Many small rivers were altered or abandoned after the upper Ohio River formed. Valleys of some abandoned rivers can still be seen on satellite and aerial images of the hills of Ohio and West Virginia between Marietta, Ohio, and Huntington, West Virginia. As testimony to the major changes that occurred, such valleys are found on hilltops.[clarification needed]
The middle Ohio River formed in a manner similar to formation of the upper Ohio River. A north-flowing river was temporarily dammed southwest of present-day Louisville, creating a large lake until the dam burst. A new route was carved to the Mississippi. Eventually the upper and middle sections combined to form what is essentially the modern Ohio River.
Pre-Columbian inhabitants of eastern North America considered the Ohio part of a single river continuing on through the lower Mississippi. The combined Allegheny-Ohio river is 1,310 miles (2,110 km) long and carries the largest volume of water of any tributary of the Mississippi. The Indians and early explorers and settlers of the region also often considered the Allegheny to be part of the Ohio. The forks (the confluence of the Allegheny and Monongahela rivers at what is now Pittsburgh) was considered a strategic military location.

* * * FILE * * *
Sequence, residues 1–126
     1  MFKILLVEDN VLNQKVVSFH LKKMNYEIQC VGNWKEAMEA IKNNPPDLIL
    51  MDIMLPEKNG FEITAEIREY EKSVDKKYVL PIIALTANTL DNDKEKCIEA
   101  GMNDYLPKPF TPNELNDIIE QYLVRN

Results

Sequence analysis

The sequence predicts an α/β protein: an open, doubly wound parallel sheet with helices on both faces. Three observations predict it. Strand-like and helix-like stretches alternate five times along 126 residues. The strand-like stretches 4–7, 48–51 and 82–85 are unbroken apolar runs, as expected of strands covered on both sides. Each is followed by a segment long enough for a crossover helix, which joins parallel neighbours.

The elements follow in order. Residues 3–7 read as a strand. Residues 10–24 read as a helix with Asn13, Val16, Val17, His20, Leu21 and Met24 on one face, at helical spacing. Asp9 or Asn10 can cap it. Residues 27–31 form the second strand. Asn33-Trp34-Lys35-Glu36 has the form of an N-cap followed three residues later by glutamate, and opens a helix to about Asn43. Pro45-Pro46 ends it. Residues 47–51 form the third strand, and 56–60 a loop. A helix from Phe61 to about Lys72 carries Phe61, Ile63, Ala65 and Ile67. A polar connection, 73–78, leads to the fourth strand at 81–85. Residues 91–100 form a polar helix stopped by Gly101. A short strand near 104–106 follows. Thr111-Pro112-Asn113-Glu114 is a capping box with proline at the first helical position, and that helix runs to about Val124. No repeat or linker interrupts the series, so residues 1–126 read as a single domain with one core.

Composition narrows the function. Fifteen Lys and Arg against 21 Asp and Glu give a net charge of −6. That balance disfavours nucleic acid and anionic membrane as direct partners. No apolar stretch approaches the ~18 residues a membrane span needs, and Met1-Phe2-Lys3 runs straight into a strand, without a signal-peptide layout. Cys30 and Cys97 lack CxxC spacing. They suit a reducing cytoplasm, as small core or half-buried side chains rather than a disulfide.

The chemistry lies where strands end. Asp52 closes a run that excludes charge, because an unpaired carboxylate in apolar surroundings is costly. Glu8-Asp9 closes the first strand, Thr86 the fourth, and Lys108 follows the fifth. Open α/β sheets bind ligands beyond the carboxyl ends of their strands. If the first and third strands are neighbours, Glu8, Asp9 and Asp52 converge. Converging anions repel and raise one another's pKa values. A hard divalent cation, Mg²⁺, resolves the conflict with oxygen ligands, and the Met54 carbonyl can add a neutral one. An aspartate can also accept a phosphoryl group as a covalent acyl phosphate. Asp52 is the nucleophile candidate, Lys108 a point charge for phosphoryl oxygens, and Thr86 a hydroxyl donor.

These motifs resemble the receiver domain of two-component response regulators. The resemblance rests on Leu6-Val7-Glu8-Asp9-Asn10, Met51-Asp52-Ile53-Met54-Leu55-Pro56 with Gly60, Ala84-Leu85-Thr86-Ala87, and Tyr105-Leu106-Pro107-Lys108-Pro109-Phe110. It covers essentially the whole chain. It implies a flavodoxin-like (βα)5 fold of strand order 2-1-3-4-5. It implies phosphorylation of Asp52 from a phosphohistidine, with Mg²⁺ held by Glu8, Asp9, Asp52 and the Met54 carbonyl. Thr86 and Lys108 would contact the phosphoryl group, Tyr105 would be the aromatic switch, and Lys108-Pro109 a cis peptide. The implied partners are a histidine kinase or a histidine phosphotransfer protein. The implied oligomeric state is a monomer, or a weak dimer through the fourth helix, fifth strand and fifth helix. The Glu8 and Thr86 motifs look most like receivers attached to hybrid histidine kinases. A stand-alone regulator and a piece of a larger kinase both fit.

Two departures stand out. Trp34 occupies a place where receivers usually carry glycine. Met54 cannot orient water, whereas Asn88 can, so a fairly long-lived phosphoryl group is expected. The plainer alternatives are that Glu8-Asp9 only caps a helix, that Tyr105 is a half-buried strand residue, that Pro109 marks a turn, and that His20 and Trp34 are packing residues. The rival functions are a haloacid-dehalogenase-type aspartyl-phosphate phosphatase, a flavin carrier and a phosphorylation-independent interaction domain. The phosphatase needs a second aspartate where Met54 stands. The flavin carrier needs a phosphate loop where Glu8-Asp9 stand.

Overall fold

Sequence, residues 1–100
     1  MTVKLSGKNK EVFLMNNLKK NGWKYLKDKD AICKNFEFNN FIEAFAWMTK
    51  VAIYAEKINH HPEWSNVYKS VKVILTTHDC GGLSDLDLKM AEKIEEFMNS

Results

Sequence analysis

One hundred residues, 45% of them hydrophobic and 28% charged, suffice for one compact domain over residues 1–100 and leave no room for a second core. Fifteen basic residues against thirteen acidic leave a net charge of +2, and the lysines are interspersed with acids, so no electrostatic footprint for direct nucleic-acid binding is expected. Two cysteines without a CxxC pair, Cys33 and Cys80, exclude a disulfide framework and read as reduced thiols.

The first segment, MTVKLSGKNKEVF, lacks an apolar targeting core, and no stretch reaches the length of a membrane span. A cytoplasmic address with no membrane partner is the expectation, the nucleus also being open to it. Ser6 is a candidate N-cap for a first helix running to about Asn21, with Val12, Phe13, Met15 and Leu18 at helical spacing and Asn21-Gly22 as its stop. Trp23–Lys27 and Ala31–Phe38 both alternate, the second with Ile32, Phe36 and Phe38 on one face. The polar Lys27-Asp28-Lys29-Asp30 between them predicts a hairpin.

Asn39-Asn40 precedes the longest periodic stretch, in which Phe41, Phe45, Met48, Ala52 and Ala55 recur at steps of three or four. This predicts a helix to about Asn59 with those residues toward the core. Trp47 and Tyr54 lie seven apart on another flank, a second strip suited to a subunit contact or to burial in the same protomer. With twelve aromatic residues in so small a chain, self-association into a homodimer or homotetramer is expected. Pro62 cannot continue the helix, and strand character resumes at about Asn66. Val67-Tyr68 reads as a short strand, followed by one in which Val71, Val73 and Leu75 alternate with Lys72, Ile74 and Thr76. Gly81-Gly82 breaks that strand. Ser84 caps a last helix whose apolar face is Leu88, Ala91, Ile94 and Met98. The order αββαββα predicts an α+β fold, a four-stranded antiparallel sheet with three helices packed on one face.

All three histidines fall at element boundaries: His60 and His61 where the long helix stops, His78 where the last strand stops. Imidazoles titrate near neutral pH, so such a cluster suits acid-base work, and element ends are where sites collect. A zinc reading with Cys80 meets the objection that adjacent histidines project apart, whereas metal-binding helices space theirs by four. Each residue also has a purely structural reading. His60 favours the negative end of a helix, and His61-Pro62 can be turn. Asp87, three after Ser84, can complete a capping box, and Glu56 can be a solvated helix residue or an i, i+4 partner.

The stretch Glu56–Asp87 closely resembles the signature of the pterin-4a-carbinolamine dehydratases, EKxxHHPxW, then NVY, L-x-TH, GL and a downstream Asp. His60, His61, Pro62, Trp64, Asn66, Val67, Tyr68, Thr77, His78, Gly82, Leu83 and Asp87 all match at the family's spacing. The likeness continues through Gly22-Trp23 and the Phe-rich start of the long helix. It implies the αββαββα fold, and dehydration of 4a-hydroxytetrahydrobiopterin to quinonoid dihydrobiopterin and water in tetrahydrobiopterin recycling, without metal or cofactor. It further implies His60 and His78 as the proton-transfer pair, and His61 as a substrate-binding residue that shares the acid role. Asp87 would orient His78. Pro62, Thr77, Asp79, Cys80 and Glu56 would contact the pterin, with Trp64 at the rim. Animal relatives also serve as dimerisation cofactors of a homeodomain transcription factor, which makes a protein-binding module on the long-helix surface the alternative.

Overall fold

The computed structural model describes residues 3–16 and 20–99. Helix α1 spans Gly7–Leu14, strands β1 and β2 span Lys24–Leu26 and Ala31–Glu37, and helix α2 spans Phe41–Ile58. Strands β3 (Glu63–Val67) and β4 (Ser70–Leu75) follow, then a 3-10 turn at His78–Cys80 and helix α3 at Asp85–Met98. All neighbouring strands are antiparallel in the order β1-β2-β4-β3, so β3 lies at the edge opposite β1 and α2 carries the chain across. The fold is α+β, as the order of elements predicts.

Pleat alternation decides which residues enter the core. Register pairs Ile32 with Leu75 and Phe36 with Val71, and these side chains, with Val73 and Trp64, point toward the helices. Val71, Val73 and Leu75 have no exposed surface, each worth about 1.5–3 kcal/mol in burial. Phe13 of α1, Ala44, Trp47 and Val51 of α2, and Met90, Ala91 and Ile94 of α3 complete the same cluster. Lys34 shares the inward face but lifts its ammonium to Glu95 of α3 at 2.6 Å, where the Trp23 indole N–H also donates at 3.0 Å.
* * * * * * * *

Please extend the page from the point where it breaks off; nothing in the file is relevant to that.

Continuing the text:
French fur traders operated in the area, and France built forts along the Allegheny River. In 1669, René-Robert Cavelier, Sieur de La Salle, led an expedition of French traders who became the first Europeans to see the river. He traveled from Canada and entered the headwaters of the Ohio, traveling as far as the Falls of Ohio at present-day Louisville before turning back. He returned to explore the river again in other expeditions. An Italian cartographer traveling with him created the first map of the Ohio River. La Salle claimed the Ohio Valley for France.
In 1749, Great Britain established the Ohio Company to settle and trade in the area. Exploration of the territory and trade with the Indians in the region near the Forks by British colonials from Pennsylvania and Virginia - both of which claimed the territory - led to conflict with the French. In 1763, following the Seven Years' War, France ceded the area to Britain.